In 2009, Andy Baio, of CreativeMornings, put together an 8-bit version of “Kind of Blue,” the classic Miles Davis album. Baio’s version was entitled “Kind of Bloop” and he had a friend create a pixel-art version of Jay Maisel’s photo for the iconic cover. The photography blog PetaPixel reported that “Baio meticulously licensed all the music he used to create the album,” but photographer Jay Maisel filed a lawsuit alleging copyright infringement because he “felt violated to find his image of Miles Davis, one of his most well-known and highly-regarded images, had been pixelated.”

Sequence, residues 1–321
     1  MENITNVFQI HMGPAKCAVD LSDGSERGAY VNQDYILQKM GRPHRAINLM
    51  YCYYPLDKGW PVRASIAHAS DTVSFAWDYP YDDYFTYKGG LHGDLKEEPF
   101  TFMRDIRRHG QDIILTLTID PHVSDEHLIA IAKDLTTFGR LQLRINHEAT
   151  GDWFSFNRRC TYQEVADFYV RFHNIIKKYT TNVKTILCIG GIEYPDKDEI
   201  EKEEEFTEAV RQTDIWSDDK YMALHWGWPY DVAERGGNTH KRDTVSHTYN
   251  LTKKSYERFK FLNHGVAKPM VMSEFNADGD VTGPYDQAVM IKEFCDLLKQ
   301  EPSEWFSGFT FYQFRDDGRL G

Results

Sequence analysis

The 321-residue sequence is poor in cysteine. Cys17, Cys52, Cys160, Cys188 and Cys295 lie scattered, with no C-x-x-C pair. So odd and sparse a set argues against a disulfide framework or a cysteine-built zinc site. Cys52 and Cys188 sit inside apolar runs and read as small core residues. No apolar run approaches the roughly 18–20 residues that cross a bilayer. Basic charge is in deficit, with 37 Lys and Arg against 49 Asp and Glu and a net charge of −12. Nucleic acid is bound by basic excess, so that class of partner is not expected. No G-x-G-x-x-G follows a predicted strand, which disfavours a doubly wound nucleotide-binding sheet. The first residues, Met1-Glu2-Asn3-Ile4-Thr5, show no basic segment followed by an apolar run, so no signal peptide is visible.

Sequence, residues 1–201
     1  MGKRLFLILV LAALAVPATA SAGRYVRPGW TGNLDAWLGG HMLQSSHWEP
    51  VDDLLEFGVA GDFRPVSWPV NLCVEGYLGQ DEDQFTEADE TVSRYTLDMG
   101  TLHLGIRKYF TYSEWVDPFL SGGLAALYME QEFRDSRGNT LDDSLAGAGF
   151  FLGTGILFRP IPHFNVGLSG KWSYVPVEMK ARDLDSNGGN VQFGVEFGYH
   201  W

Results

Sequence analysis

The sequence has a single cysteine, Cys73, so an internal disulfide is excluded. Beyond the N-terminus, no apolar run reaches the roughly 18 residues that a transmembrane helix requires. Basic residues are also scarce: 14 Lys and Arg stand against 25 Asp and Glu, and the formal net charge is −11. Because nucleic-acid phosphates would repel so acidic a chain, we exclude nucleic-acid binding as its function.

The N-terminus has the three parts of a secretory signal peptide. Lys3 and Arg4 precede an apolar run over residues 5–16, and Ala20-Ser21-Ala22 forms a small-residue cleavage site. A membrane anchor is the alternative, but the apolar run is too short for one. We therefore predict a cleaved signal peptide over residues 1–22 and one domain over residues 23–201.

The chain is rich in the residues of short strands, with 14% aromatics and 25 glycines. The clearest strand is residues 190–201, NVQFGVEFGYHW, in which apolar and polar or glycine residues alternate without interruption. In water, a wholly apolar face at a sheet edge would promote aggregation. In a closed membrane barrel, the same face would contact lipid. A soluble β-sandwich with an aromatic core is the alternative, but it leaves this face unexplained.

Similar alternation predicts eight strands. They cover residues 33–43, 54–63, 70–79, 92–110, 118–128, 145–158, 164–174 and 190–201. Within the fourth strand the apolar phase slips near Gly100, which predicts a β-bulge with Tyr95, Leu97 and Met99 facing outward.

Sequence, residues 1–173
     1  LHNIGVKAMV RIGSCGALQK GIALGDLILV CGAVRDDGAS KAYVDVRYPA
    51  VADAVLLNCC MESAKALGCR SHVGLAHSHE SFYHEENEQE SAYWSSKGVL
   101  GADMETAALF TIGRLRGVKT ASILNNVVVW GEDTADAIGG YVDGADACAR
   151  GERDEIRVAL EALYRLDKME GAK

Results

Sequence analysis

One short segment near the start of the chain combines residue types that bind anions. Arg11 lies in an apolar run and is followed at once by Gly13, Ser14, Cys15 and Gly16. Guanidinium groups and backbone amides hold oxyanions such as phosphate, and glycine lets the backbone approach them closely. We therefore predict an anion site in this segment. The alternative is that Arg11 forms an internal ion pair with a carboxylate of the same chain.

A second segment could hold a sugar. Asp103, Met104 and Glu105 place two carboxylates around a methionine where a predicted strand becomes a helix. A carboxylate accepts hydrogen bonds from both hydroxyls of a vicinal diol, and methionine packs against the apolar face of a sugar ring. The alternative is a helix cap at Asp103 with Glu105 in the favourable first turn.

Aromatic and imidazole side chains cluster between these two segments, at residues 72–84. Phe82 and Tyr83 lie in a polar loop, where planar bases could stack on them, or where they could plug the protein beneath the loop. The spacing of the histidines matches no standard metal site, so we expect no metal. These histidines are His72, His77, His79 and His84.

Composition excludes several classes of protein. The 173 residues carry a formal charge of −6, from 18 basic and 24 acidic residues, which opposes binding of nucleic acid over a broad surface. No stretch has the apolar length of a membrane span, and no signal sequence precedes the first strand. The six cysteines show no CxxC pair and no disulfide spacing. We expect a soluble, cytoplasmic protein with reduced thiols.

While Maisel originally sought more than $100,000, Baio settled the case out of court for $32,500. In the talk called “The New Prohibition” in the video, Baio discusses the meaning of original ideas, the complexities of fair use copyright law and a culture of suing artists that forces many to settle out of court—even when cases are not particularly strong. As PetaPixel noted, this talk shows how Baio’s agreement was different from other settlements since it did not include a confidentiality agreement.
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